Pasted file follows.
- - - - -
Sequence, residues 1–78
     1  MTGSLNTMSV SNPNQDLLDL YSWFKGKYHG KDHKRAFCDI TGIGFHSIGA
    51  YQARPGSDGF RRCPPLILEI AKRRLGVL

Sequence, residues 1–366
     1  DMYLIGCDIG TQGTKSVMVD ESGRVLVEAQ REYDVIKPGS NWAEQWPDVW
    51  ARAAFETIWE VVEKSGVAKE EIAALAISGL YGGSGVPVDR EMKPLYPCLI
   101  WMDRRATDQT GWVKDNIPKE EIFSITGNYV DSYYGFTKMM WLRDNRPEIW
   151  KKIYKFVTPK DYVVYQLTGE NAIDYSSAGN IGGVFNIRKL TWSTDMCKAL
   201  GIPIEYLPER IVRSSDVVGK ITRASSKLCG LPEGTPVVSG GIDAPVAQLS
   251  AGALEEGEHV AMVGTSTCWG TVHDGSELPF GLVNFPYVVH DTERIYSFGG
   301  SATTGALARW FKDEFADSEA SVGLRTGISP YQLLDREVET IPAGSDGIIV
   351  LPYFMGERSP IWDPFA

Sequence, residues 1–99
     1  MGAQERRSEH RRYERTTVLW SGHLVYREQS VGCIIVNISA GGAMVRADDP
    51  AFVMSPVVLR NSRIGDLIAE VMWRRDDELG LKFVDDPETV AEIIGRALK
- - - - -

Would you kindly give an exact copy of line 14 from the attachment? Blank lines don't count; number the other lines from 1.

     1  MGAQERRSEH RRYERTTVLW SGHLVYREQS VGCIIVNISA GGAMVRADDP